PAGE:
*With* Zener diode, we have 6V supply, 2V drop across Leds, 270 ohm resistor, so when active we send 4000mV/250Ω=16 mA to each LED.

    *Without* Zener, main resistors are 820+390 ohm ones, going from -56V to roughly -6V, so they will pass some 50V/1200 ohms=40 mA ... for two Leds, so some 20 mA each.

    Now hitting a Led with 20mA instead of 16 mA is almost imperceptible.
    To boot, those Vactrols are not used as linear controls but as switches, so even less important.

    In a nutshell; I bet Fender found those Zeners were pretty un necessary, so .....
    Which is confirmed by having *two* unmolested Factory ones without them.

    IF any problem at all, they "should" added the letters n.u. (not used) or n.f. (not fitted) at the schematic just by them.
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    Juan Manuel Fahey

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    Quote Originally Posted by Enzo View Post
    Without laboriously studying them part by part, what are the differences between the two drawings?
    I think it's mainly just around the volume control, with a bigger 500pF bright cap and a treble peaker formed by the previous 120pF bright cap and a 820k connected in parallel, feeding the volume pot.
    Last edited by pdf64; 08-08-2017 at 05:18 PM.

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    That's a great analysis of what's going on with the Vactrols, LEDs and their respective power supply as to current and voltage by J M Fahey. Enzo, I'm a 'if it ain't broke, don't fix it' kinda guy. I was thinking someone might talk me into using the zener diode in this circuit or show me why it should be there. As we see, the opposite has happened. But you make a strong point about unintended consequences, something to keep in mind in many situations.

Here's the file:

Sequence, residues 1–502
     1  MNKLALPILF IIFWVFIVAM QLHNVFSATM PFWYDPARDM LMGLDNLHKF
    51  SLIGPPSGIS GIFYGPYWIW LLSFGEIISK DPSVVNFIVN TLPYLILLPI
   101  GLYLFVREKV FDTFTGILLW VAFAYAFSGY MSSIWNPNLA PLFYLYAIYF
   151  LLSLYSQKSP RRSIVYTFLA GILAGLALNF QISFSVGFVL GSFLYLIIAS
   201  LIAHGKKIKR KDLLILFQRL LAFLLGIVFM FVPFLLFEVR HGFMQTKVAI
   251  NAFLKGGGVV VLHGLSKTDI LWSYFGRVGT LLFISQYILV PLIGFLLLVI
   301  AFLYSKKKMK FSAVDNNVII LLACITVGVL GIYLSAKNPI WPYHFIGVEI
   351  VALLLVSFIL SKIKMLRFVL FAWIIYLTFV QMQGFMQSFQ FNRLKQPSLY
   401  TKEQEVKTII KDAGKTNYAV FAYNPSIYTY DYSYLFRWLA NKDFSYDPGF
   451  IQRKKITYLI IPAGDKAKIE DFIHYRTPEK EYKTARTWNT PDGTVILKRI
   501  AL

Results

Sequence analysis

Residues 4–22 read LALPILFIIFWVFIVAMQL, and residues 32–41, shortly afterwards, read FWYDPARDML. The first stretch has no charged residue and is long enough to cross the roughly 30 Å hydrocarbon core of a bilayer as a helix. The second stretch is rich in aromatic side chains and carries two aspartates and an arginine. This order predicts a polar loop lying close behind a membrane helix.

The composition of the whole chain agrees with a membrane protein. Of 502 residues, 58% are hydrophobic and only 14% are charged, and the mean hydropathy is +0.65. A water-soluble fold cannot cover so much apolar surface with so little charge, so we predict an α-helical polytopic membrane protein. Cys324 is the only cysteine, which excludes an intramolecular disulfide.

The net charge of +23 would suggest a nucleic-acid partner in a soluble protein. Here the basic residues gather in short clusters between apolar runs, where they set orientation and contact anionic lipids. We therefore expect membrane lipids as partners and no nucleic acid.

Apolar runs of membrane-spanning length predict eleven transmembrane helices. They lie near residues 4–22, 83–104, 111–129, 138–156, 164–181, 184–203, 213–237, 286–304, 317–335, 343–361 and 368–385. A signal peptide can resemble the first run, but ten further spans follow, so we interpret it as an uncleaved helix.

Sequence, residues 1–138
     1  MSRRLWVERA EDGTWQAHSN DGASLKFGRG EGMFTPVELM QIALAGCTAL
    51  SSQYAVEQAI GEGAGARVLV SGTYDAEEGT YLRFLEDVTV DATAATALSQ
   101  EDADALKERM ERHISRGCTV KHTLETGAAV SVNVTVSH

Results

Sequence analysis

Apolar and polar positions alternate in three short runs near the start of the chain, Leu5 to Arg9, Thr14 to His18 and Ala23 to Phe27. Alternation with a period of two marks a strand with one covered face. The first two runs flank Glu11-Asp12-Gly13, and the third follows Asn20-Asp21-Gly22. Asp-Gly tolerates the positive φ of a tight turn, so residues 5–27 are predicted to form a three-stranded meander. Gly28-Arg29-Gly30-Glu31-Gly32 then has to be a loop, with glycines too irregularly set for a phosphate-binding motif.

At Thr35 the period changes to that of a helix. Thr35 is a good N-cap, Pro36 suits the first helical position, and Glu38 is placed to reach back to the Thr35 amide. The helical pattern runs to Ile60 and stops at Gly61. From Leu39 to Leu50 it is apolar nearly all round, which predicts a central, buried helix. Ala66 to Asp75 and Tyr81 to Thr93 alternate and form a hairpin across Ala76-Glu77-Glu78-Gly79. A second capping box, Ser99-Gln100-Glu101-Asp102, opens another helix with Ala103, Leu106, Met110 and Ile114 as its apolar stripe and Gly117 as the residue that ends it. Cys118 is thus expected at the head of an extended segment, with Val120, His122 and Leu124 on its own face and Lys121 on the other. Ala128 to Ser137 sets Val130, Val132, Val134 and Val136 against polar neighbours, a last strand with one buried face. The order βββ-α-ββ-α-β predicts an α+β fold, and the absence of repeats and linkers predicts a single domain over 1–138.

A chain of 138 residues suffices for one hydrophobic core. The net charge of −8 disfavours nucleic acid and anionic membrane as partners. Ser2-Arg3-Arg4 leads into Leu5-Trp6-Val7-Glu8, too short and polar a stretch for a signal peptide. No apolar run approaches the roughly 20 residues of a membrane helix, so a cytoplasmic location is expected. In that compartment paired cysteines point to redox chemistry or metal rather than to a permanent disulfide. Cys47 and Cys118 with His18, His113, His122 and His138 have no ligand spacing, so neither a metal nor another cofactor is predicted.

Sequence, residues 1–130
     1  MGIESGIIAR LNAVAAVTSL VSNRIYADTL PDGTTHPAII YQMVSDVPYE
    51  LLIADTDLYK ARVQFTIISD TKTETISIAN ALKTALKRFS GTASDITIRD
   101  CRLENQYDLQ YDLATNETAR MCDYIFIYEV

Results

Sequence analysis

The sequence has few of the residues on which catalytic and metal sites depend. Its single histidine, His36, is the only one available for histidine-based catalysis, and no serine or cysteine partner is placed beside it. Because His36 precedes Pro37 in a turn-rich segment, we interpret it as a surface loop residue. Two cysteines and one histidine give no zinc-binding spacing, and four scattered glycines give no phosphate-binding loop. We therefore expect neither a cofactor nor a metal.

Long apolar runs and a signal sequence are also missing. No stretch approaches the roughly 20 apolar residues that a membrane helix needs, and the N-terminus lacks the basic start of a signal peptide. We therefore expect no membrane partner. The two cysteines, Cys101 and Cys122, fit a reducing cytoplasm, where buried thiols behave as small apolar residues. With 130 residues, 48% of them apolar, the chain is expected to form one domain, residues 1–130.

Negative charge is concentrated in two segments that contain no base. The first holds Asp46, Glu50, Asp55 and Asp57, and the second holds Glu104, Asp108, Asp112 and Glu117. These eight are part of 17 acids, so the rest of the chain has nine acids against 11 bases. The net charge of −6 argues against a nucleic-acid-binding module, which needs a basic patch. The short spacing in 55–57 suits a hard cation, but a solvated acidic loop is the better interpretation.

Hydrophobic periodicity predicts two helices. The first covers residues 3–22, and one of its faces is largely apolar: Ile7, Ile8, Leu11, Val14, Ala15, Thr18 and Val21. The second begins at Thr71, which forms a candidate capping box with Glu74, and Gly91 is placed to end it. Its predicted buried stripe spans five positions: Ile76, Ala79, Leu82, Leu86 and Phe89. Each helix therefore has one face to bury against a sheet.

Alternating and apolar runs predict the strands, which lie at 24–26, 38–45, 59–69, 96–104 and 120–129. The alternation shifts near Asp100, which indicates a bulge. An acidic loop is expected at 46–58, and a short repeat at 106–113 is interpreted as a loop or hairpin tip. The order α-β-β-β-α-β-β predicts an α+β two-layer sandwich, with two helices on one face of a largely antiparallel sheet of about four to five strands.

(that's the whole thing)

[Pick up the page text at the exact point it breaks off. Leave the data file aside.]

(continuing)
I did some net research and found that some are of the opinion that there are two (official) schematics for the Fender 75 circuit. I have only seen one schematic but here's a summary of changes made to the second one. I have not verified any of these against the actual amps but I'm just passing this along so it might need some verification for accuracy:

    There are two official schematics for this amp, the first dated drawn on 28th October 1979, the other revised version without a date. The only differences that I can spot between the two are;

    1. The removal of the 820K resistor from the signal path between the Treble pot wiper and Volume pot top. This obviously leads to more gain, hence the second difference;
    2. The given input test voltage is dropped from 8mV. to 4mV. resulting in the measurement on the plate of tube V1A having 220mV. instead of 440mV. With the 820K resistor removed, the voltages remain the same in the rest of the amp.
    3. A different arrangement around the Bright Switch; A 500p that bridged the 820K resistor would have added quiet a presence boost, it is removed, and the 10M resistor that suppresses the switching noise that the bright caps can cause, now discharges to ground rather than across the switch. The revised version is more like a standard Fender Bright Switch.
    4. The wiring to the tip and ring of the Effects Jack have been reversed.
    5. The voltage given for the cathode follower V3B. Bias has been corrected from 200V to 50V.

    Like pdf64 says, most changes are mainly around the bright switch and volume.

    Thanks for the comments,

    Bob M.